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Visitors attending Europe’s biggest travel fair were stranded in Berlin as striking ground workers forced almost all flights in and out of the German capital to be canceled.
About 670 arrivals and departures were scrapped at Berlin’s Tegel and Schoenefeld airports on Friday, after the Ver.di union called on more than 2,000 ground workers to walk out in a pay dispute. The one-day action comes just as the ITB Berlin fair, which draws 180,000 visitors annually, gears up for its busiest period.
Workers are seeking higher pay following five rounds of unsuccessful negotiations, as European Union rules to bring more competition to ground handling have squeezed wages. Ver.di has already held warning strikes this year and more disruptions are possible in coming weeks. The dispute adds to Berlin’s aviation embarrassments, with the opening of its new airport delayed until 2018 following a series of technical fiascos and budget overruns.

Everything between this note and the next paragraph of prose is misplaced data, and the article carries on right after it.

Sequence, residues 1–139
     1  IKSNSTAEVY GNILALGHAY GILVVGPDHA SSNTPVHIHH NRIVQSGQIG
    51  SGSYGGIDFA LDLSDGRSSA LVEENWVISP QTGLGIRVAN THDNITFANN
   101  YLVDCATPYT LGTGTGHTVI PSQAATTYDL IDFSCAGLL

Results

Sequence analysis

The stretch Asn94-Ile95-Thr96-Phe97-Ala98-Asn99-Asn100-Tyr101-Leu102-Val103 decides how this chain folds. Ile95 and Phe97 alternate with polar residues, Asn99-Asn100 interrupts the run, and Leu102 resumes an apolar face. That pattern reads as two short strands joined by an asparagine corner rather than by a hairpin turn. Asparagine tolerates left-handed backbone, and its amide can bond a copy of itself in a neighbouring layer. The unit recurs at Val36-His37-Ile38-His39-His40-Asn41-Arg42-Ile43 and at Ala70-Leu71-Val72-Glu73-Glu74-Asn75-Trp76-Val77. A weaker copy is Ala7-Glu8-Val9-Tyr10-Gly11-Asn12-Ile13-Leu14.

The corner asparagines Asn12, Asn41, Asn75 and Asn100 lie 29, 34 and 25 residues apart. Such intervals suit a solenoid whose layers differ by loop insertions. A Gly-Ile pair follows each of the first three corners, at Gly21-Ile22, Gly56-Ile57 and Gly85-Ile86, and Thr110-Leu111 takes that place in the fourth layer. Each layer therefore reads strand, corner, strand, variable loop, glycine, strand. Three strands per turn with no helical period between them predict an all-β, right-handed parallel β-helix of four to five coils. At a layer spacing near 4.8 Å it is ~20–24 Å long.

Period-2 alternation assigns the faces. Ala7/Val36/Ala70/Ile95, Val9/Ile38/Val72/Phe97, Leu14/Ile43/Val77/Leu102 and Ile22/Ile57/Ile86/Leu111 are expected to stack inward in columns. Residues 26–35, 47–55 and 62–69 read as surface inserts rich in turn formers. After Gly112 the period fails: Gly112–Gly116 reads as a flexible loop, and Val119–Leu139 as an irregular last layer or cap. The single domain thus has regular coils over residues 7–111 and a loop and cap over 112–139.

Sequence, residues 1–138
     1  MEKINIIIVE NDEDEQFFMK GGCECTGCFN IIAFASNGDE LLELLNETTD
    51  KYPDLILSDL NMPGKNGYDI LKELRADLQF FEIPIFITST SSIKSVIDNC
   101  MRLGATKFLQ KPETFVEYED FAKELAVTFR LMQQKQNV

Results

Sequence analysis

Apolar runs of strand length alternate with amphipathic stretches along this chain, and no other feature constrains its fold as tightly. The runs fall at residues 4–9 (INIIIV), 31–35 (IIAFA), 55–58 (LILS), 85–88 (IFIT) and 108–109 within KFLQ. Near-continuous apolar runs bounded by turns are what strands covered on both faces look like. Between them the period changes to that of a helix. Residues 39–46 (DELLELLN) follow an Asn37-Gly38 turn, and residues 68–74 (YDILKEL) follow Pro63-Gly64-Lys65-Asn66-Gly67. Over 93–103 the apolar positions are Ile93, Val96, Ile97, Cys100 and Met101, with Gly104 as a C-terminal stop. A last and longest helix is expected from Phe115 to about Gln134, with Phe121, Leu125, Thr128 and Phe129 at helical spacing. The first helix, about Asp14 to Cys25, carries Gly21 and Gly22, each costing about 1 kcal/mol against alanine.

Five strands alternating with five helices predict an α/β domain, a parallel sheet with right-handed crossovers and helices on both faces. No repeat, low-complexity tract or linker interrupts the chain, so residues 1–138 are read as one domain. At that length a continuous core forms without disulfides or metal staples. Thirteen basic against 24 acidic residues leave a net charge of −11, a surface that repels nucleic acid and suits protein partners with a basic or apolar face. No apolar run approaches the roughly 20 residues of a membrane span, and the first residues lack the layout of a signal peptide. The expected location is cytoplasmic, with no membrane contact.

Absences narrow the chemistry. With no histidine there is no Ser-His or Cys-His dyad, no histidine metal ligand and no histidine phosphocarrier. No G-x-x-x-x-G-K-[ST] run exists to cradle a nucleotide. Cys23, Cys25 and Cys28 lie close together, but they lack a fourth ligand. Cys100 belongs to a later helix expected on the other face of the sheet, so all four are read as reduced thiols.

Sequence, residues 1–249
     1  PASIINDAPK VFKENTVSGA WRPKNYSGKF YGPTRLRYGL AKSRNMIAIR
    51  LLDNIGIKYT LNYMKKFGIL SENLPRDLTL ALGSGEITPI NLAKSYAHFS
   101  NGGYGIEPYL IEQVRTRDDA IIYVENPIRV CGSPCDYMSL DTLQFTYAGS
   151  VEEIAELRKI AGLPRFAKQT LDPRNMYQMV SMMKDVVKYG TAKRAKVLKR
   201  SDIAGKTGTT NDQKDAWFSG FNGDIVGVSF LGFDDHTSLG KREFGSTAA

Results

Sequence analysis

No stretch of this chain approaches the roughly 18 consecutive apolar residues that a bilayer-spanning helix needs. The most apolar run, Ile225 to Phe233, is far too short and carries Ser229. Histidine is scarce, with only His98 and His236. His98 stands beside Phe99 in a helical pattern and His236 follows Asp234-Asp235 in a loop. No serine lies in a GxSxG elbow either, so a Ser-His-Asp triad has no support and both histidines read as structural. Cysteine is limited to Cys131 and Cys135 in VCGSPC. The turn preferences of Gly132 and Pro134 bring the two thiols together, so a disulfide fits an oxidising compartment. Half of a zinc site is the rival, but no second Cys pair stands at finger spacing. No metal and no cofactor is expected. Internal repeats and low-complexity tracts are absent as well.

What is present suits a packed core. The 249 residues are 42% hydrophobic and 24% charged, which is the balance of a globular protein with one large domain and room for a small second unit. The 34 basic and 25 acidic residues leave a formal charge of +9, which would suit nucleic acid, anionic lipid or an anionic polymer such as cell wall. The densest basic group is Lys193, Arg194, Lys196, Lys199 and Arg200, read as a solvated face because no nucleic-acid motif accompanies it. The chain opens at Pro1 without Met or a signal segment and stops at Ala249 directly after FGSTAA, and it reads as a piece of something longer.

The top carriers at Tegel airport are Air Berlin Plc, Deutsche Lufthansa AG and British Airways. The biggest ones serving Schoenefeld are Ryanair Holdings Plc, EasyJet Plc and Norwegian Air Shuttle ASA.
Lufthansa scrapped its entire flight program to and from Berlin on Friday, resulting in 68 cancellations. Air Berlin warned its customers on Thursday to expect “massive’’ travel disruptions, and said they can rebook their tickets, trade them in for rail vouchers within Germany, or request refunds. Valuables should be taken in carry-on luggage only, as baggage handling will also be affected, the airline said.
Workers are demanding a raise of 1 euro per hour under a one-year contract, representing an increase of more than 10 percent for the lowest wage group which earns 9.30 euros ($9.86) per hour. Employers, which include Wisag, Aviation Solution and Aeroground Berlin, offered an 8 percent raise over three years, Ver.di said.
The union is also negotiating pay for ground-handling employees in Frankfurt, Dusseldorf, Cologne, Leipzig, Dresden and Stuttgart, where 300 workers held a warning strike earlier this month. The union reached an agreement in Hamburg in February that would give ground workers about 200 euros more per month over two years, though members have yet to accept the settlement.
Berlin’s airports served a combined 32.9 million passengers in 2016, a gain of 11 percent from a year earlier.
©2017 Bloomberg L.P.